After Democrat candidate for Arizona Governor Katie Hobbs’ refused to debate Lake in Arizona governor race, The Citizens Clean Elections Commission initiated an effort for staff to try to persuade Hobbs, currently secretary of state, to participate in the planned Oct. 12 debate by offering minor changes to the format.
However, the state commission that sets up candidate debates recently rejected Democrat Katie Hobbs’ request to change a planned debate with Republican governor candidate Kari Lake into separate interviews with a moderator. The Citizens Clean Elections Commission, which has held debates for two decades featuring candidates for statewide and legislative offices, rejected her significant proposal change.
On Sunday, Democrat Katie Hobbs’ campaign announced that she would not debate Republican Kari Lake as the two campaign for office of Arizona governor.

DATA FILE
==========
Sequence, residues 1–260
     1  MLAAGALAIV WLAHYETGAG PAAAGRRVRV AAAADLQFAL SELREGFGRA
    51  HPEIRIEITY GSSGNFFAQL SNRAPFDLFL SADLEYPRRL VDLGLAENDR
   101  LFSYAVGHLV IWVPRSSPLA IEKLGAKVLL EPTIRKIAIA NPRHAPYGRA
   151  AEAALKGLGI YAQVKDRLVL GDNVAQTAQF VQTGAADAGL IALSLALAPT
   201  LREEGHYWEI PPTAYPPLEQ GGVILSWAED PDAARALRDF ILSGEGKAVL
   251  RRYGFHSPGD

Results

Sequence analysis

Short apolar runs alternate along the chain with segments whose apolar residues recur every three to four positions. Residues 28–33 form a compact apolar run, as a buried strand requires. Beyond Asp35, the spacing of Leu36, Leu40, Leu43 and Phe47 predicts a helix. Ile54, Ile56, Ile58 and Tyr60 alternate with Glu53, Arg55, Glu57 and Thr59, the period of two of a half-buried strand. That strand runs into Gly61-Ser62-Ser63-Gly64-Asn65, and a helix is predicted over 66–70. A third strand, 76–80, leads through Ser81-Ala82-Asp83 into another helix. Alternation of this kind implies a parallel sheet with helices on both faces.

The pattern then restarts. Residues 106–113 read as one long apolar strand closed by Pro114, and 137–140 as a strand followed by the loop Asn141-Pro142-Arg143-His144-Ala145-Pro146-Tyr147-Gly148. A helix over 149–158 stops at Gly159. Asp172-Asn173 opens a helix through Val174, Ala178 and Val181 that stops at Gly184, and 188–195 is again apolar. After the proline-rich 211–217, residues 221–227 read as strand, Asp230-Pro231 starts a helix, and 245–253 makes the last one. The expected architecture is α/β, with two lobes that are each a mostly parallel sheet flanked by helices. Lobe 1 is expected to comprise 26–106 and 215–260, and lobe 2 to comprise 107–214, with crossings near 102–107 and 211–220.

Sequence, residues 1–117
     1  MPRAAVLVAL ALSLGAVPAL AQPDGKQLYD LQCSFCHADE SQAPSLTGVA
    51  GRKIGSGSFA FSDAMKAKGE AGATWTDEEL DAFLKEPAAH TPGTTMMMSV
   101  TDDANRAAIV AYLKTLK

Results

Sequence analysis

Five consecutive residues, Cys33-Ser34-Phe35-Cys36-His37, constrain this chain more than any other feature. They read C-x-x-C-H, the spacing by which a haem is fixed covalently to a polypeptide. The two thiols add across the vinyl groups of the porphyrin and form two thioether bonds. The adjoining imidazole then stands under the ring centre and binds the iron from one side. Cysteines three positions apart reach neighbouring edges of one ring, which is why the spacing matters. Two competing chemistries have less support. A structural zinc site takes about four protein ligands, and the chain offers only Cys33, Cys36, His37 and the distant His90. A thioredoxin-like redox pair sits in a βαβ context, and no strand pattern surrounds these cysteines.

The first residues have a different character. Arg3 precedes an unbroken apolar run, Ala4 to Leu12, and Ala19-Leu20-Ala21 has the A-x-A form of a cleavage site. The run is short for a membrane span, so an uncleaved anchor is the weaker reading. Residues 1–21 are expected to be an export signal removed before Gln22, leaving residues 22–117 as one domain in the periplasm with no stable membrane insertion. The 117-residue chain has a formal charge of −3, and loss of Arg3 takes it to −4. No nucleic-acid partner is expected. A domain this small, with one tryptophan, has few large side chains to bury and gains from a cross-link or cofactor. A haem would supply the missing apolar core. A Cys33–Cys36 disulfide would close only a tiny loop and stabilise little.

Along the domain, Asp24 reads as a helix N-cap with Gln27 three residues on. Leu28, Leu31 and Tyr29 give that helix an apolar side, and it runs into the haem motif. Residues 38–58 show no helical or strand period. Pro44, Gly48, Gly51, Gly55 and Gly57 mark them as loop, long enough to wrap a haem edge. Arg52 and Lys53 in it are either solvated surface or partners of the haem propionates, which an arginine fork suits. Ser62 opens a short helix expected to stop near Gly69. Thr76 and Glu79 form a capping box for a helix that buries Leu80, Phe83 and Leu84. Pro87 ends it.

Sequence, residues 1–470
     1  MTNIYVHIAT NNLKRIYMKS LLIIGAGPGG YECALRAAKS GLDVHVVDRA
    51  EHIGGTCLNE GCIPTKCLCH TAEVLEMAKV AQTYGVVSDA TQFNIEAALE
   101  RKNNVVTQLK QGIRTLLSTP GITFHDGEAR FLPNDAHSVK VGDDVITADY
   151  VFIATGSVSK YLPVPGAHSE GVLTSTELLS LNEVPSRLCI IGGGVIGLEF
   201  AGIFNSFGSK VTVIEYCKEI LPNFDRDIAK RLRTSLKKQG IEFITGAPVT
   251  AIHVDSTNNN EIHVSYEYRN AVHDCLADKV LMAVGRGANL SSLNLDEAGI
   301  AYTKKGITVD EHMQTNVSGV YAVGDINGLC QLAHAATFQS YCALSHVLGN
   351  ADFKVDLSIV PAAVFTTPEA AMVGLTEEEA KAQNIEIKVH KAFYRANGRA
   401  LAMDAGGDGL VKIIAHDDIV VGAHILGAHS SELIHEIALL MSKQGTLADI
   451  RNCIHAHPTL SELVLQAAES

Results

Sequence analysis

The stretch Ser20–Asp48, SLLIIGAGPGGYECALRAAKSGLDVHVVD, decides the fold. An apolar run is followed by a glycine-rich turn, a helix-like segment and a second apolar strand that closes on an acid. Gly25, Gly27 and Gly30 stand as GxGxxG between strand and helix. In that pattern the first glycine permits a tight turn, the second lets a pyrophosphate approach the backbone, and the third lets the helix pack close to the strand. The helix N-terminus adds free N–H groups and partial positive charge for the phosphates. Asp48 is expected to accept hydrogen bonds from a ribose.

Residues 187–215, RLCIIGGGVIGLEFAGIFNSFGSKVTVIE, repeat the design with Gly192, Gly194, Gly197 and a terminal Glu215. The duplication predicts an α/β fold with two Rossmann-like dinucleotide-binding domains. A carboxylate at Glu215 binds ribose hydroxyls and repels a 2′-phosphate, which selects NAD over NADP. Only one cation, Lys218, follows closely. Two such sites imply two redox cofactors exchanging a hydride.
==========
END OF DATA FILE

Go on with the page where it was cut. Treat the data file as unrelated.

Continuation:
The statement released by the Hobbs campaign over the weekend said she “remains willing and eager to participate in a town hall style event,” like one put on by the Arizona Chamber of Commerce and Industry, where she and Lake were questioned separately.
Hobbs’ campaign manager addressed the commission before its decision, saying “I think it’s pretty clear that she only wants to create another spectacle, like we saw in the GOP primary debate,” campaign manager Nicole DeMont said.
Hobbs in not sticking to traditional political debate protocol, also skipped the Clean Elections debate with her Democratic primary challenger, Marco Lopez. He was interviewed alone.
Kari Lake has agreed to the debate in its current format and called out Hobbs for refusing to engage, calling her “a coward.” Kari said she was ready to hit the stage with Hobbs at any time, inviting her to pick the moderator and write all the questions.
“Kari will keep her promise to the voters and debate,” Trumble said in a statement. “The empty chair across from her will show Arizonans just how little Katie Hobbs cares about them.”
All other statewide candidates have agreed to participate in the televised Clean Elections debate series, including Democratic Sen. Mark Kelly, who will debate Republican Blake Masters on Oct. 6.